Iyo-Matsuyama Domain, Japan
|Died||July 6, 1868 (aged 27–28)|
Ueno, Edo, Japan
|Service/||Rōshigumi (former) |
Mibu Rōshigumi (former)
|Years of service||1863–1868|
|Battles/wars||Ikedaya incident |
Sanjo Seisatsu incident
Harada Masa (m. 1865–1868)
|Children||Harada Shigeru (son)|
Harada was born to a family of chūgen, or low-ranking quasi-samurai, who served the retainers of the Iyo-Matsuyama Domain (now the city of Matsuyama). He trained in the spear technique of the Hōzōin-ryū style, and usually used that weapon in battle instead of a sword. During his time in Matsuyama, he was once ridiculed by a Matsuyama retainer as being a peon who was unfamiliar with how to properly commit seppuku. Harada, wishing to prove the man wrong, immediately drew his sword and attempted to commit seppuku; however, the wound was shallow, and he survived. Harada later boasted of his scar to his fellow Shinsengumi men, and the incident of his near-disembowelment is said to be the origin of the family crest he chose, which depicted a horizontal line within a circle (maru ni ichimonji (丸に一文字)). Later leaving the Matsuyama domain's service, he went to Edo, and trained at Kondō Isami's Shieikan dōjō.
In 1863, Harada, together with Kondō and others associated with the Shieikan, joined Kiyokawa Hachirō's Rōshigumi and departed for Kyoto. Shortly after reaching Kyoto, the Rōshigumi was disbanded and most of its members returned to Edo. Harada, Kondō, Serizawa Kamo and several others remained behind and formed the core of the group known as Mibu Rōshigumi, which later became the Shinsengumi.
Later, Harada became the Captain of the Shinsengumi tenth Unit. He was trained briefly under a dojo run by Tani Sanjūrō, whom he introduced into the Shinsengumi. In 1865, Tani became the seventh Unit Captain. In Kyoto, Harada married a local woman named Sugawara Masa (菅原まさ), and briefly had a private family residence near the Shinsengumi headquarters at Nishi-Honganji. The couple had a son, whom Harada named Shigeru (茂), taking the second character from the shōgun Iemochi (家茂)'s name. Harada was very trusted by vice-commander Hijikata. He was involved in many of the crucial missions the group faced and was very likely involved in the Serizawa Kamo (original commander of the Shinsengumi) assassination. He was involved in the Uchiyama Hikojirō's assassination, the Ikedaya incident, and the Sanjo Seisatsu incident.
Harada became a hatamoto, together with the rest of Shinsengumi, in June 1867. At one time he was accused (by former Shinsengumi member Itō Kashitarō) as one of the assassins of the Sakamoto Ryōma and Nakaoka Shintarō who were murdered on December 10, 1867. The truth behind the incident remains unclear, but according to the confession of the Tokugawa retainer Imai Nobuo later in 1870, the assassins were men of the Mimawarigumi (another Tokugawa-affiliated unit) under the hatamoto Sasaki Tadasaburō.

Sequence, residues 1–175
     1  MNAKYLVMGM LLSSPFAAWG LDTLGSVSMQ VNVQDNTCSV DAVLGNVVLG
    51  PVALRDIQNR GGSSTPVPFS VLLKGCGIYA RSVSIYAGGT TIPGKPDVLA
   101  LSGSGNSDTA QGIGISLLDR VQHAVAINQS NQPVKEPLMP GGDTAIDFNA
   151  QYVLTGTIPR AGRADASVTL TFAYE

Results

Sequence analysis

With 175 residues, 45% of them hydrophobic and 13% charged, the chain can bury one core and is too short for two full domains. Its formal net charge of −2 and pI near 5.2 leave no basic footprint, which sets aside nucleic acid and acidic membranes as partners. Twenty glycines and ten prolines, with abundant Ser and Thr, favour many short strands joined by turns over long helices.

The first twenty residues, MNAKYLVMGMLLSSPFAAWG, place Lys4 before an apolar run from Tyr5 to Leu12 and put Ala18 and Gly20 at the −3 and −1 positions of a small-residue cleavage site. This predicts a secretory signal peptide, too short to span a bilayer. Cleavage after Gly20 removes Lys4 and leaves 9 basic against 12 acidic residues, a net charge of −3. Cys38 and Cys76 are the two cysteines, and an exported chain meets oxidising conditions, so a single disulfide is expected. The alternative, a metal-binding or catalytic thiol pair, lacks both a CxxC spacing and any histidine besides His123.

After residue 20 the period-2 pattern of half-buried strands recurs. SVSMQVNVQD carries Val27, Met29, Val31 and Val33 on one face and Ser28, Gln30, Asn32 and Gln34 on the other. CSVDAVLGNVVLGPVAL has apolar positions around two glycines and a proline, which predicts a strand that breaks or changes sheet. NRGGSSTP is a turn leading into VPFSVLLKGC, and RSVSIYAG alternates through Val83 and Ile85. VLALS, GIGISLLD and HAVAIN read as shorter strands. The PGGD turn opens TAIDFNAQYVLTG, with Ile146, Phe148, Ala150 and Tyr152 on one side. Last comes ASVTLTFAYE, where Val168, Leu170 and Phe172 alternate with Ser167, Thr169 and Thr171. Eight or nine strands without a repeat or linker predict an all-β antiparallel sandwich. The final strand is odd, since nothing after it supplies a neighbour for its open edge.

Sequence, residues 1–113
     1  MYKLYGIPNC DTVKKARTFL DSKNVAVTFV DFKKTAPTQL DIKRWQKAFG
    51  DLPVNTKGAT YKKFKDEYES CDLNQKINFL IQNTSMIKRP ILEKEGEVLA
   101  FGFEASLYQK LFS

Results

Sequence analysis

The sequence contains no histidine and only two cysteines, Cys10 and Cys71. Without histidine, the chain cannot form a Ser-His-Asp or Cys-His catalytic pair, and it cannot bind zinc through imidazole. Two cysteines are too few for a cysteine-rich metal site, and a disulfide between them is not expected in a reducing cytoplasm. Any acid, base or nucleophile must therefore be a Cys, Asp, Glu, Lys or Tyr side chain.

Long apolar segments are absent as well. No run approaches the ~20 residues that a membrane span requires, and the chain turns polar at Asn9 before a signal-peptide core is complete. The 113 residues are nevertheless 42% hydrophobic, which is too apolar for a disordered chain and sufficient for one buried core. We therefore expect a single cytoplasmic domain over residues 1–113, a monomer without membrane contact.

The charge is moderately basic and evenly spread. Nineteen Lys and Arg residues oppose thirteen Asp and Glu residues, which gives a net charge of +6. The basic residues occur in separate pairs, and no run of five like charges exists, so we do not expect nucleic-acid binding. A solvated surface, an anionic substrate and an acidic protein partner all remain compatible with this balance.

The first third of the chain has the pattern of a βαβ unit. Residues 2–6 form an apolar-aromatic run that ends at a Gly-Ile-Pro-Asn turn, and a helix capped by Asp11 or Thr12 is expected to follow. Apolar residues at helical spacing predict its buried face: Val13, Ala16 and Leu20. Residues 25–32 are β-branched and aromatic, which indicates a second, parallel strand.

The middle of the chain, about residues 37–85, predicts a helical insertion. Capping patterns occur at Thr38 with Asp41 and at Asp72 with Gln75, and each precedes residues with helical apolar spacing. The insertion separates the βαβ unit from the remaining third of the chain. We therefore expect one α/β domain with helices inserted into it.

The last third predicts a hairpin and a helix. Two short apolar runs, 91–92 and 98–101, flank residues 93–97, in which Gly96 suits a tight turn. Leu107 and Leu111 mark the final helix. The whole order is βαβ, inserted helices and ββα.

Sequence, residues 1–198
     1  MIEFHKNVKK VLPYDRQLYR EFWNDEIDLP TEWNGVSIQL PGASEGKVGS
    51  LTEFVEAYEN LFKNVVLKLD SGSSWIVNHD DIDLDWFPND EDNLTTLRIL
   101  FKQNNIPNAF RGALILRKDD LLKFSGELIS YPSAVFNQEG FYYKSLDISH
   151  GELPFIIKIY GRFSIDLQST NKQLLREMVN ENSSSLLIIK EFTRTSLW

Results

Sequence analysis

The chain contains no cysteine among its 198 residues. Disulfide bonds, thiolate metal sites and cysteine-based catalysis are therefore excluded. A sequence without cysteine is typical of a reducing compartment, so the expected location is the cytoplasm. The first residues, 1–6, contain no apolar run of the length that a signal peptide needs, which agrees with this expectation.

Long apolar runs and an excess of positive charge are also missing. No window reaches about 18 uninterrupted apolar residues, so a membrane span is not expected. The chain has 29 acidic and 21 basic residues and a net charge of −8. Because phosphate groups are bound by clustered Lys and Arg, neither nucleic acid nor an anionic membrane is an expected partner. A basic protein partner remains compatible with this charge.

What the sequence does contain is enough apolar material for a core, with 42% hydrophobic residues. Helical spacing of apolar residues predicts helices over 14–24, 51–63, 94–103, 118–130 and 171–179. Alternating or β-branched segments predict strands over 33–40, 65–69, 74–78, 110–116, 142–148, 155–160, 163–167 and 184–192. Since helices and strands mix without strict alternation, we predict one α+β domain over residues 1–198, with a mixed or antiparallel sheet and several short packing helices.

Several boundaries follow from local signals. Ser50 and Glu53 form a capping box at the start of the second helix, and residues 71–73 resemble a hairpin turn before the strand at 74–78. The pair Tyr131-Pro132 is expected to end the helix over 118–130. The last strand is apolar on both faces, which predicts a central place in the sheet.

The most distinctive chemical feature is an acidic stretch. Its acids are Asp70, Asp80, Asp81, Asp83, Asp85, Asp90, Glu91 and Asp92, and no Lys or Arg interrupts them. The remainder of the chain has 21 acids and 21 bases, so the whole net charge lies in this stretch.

In January 1868, Harada, together with the rest of the Shinsengumi, fought at the Battle of Toba–Fushimi against the Imperial forces. He and his family subsequently left the Kyoto region for Edo. In March, he joined the Kōyō Chinbutai (甲陽鎮撫隊 Pacification Corps) (the renamed Shinsengumi) advance on Kai Province, and fought at the Battle of Kōshū-Katsunuma, however, the unit was defeated and forced to retreat back to Edo. In the wake of this defeat, Harada and Nagakura Shinpachi left the Kōyō Chinbutai after disagreements with Kondō and Hijikata. According to Nagakura's version of events, Kondō wanted the surviving men to become his retainers; Nagakura, Harada, and a few others staunchly refused. Nagakura and Harada, taking with them some other Shinsengumi members, joined with a group of former Tokugawa retainers to form a new unit, the Seiheitai. Seiheitai left Edo shortly after Edo Castle's surrender, and headed north, hoping to take part in the fighting that was moving northward, toward Aizu.
After Seiheitai's departure from Edo, Harada, wishing to be with his wife and child, returned to the city. However, he was unable to leave the city, and so he joined the Shōgitai, which also sided with the Tokugawa regime. Harada fought at the Battle of Ueno, where he was severely wounded by enemy gunfire. Two days later on July 6, 1868, he died of his wounds, while at the residence of the hatamoto, Jinbo Yamashiro-no-kami.
There is a rumor that Harada did not die in 1868, but he survived and travelled to China and became a leader for a group of horse-riding bandits. There were reports that an old Japanese man came to the aid of the Imperial Japanese Army in the First Sino-Japanese War, and claimed to be Harada Sanosuke. This was reported in a newspaper in 1965, but remains unsubstantiated.
In popular culture
Harada Sanosuke appears in Shiba Ryōtarō's novels Moeyo Ken and Shinsengumi Keppuroku.
In addition, Harada appears in the anime series Peacemaker Kurogane, as well as in the manga it was originally based on, Shinsengumi Imon PEACE MAKER and Peacemaker Kurogane. He is also featured in Kaze Hikaru (manga), Hakodate Youjin Buraichou Himegami (manga), Getsumei Seiki (manga) and Bakumatsu Renka Shinsengumi (video game series.)
Harada Sanosuke appears in anime series Hakuouki Shinsengumi Kitan.
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- Nakami, p. 51.
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- Kikuchi, p. 230
- Nakami, p. 52. The term in Japanese is bazoku (馬賊), literally, "horse-bandits".
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